“Hoy escribiré una carta”: The News of Siege Warfare in Calderón’s El sitio de Bredá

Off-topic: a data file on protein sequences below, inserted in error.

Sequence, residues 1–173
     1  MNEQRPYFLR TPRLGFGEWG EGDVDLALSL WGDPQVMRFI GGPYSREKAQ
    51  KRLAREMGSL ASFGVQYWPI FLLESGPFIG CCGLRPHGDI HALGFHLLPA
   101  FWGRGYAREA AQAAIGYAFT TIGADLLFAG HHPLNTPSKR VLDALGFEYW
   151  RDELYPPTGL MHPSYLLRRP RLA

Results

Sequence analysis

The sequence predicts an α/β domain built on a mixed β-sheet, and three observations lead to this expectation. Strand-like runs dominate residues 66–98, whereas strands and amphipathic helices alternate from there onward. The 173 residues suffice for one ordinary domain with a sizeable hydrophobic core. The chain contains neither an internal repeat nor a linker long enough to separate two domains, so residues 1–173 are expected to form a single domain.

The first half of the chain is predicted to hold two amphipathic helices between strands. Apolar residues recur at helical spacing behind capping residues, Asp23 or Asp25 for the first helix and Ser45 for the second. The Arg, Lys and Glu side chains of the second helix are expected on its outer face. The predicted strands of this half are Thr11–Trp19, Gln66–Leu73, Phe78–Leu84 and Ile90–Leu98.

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Ambrogio Spinola’s victory at the Siege of Breda (1624–1625) marked a high point in the imperial policies of Philip IV and his royal favorite, the Count-Duke of Olivares. Contemporary newsletters celebrated the achievement, and Pedro Calderón de la Barca followed these reports in commemorating the victory in his play El sitio de Bredá (1625). I find that in addition to the obvious praise of the triumphant Habsburg forces and monarchy, El sitio de Bredá cultivates a new vision of imperial siege warfare, one that is nurtured by a preoccupation with the burgeoning news industry. Cueing off contemporary reports, Calderón proposes a recently proven model in juxtaposition with those found in earlier siege plays, specifically El asalto de Mastrique por el Príncipe de Parma by Lope de Vega and Tragedia de Numancia by Miguel de Cervantes. When read alongside these works, Calderón’s play suggests an evolution in the depiction of Spanish warfare, redefining its technical and tactical aspects in light of the growing news industry and its rapid dissemination of knowledge.



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